David, you worked at The Row, one of today’s most talked-about luxury brands. What about that experience has influenced your work at Sara Cristina?
David: I learned about how an already established brand works, and I have been able to adapt that to our brand. Especially to develop our DNA and be very clear about what inspires us, what our references are, and always return to that. I think that’s what I learned the most: how to be consistent with the brand, the DNA, with the visuals, the references and the inspiration.
While NYC has been crucial to the brand’s development, do you feel there’s a unique aspect of the Venezuelan culture or lifestyle that influences your creative decisions?
Sara: Yes, it is constant. New York is the space, it is the place that allows us to be efficient in terms of business and reach, because our idea is to be global. We sell from Japan to London, New York. However, we always return to the root of inspiration that I believe is in our country, in our roots, in Isla Margarita. That’s where the inspiration comes from.
David: Another thing is that we get along very well working together, and I think that being so close to our family, being so involved with my grandfather, with my mother… We ask him how to make a pattern, a cut. We always work as a family. And I think that’s very Latino.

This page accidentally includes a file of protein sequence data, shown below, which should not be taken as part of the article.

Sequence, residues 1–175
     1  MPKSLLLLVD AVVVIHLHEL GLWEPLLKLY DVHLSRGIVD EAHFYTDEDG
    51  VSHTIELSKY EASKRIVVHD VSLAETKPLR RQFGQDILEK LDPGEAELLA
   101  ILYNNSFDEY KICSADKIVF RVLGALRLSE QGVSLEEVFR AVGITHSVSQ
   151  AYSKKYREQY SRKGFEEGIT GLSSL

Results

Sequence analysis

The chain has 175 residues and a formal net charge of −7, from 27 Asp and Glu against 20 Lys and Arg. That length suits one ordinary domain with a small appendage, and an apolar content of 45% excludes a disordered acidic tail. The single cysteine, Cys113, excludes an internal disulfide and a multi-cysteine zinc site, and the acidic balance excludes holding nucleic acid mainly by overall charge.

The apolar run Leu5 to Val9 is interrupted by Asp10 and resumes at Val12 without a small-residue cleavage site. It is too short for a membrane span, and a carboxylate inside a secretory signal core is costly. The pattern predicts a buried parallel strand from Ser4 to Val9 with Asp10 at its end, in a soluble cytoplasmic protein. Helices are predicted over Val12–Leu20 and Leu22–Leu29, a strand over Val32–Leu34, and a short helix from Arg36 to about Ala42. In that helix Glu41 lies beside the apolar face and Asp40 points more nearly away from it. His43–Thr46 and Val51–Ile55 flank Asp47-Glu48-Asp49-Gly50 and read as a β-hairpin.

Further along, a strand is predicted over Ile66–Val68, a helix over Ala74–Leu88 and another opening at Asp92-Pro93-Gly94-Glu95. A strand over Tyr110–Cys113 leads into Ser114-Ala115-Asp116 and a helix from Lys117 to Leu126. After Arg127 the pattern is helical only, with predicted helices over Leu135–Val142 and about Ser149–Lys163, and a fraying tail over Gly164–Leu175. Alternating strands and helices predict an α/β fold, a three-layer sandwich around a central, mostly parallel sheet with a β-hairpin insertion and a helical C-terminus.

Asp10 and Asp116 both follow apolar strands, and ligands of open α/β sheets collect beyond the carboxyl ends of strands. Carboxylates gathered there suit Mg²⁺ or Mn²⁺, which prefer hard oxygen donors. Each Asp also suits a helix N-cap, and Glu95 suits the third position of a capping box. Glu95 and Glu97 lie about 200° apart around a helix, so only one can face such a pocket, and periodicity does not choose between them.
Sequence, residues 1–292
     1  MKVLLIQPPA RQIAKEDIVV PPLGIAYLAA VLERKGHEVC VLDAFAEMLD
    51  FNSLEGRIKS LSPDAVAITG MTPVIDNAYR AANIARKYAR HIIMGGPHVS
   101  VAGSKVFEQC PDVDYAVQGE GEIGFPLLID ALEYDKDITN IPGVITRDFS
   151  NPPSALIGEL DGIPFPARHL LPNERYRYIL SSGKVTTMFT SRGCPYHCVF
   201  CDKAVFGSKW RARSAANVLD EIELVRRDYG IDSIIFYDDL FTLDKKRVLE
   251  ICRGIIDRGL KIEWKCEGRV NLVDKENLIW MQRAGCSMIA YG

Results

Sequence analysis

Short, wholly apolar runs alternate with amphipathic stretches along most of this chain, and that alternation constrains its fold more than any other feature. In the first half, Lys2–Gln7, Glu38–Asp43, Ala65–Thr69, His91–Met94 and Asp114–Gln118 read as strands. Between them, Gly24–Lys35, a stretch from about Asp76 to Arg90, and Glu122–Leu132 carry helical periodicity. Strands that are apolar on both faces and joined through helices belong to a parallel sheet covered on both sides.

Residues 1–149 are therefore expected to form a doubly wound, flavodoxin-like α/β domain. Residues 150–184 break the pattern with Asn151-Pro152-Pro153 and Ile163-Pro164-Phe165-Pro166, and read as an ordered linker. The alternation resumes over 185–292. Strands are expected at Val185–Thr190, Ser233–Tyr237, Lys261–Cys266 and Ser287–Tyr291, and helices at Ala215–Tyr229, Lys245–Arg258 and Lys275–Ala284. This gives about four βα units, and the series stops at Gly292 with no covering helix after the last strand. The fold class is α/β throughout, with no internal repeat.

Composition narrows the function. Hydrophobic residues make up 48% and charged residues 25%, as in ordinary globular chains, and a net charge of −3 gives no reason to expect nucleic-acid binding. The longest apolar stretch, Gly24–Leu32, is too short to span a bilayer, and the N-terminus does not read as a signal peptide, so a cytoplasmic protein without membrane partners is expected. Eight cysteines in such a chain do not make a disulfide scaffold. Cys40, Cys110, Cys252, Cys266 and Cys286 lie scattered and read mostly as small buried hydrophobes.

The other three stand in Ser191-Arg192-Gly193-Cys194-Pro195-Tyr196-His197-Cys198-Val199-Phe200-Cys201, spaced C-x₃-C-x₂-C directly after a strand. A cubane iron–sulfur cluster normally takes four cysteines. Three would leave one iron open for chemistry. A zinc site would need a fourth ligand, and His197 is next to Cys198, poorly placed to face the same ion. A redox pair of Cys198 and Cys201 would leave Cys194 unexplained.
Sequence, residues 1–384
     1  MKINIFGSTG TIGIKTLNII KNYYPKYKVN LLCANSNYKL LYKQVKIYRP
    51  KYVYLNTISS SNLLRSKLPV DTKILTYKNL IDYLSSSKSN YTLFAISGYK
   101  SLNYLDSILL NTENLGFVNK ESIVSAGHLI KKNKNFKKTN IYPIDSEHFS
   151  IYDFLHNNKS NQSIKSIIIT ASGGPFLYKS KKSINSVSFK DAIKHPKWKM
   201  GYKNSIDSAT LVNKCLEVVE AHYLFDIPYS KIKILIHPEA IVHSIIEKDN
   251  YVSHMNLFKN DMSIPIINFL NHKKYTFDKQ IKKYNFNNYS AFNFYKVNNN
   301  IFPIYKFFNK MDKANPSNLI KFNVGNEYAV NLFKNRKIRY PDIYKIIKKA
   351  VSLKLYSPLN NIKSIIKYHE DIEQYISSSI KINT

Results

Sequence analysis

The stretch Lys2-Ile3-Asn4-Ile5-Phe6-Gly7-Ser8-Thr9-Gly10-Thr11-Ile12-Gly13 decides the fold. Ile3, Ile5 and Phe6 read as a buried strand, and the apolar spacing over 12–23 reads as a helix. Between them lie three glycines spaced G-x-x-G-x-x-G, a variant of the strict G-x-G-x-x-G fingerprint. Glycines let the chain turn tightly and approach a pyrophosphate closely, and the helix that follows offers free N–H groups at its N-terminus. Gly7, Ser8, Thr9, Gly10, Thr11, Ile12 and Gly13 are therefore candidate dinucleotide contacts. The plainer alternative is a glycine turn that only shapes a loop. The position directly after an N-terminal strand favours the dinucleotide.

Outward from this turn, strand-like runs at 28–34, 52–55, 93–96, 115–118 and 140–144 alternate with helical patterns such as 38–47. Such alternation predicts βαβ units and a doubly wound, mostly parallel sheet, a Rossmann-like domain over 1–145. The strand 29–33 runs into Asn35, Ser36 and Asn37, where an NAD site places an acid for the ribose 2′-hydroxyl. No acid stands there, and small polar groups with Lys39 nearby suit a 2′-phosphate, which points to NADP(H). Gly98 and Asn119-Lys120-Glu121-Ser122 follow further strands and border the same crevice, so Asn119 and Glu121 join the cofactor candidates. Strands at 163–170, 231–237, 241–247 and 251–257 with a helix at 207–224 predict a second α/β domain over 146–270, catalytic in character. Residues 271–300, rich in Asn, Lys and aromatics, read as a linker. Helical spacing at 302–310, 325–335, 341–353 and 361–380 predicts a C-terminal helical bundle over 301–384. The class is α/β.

Sara: I call and say, “Mom, I want to make this shirt, it’s so beautiful, can you make it for me?” That is something that perhaps a very large company cannot do. I spend all my time thinking, “Oh, maybe I’ll do that back,” and on Sunday at two in the morning, I send her a voice note, “Mom, can you make me this shirt?” And she sends it to me, and that’s where we start. I feel that this is something very special that we have.
It sounds like Isla Margarita is a particularly inspiring place for you. What aspects of it shine through the most in your designs?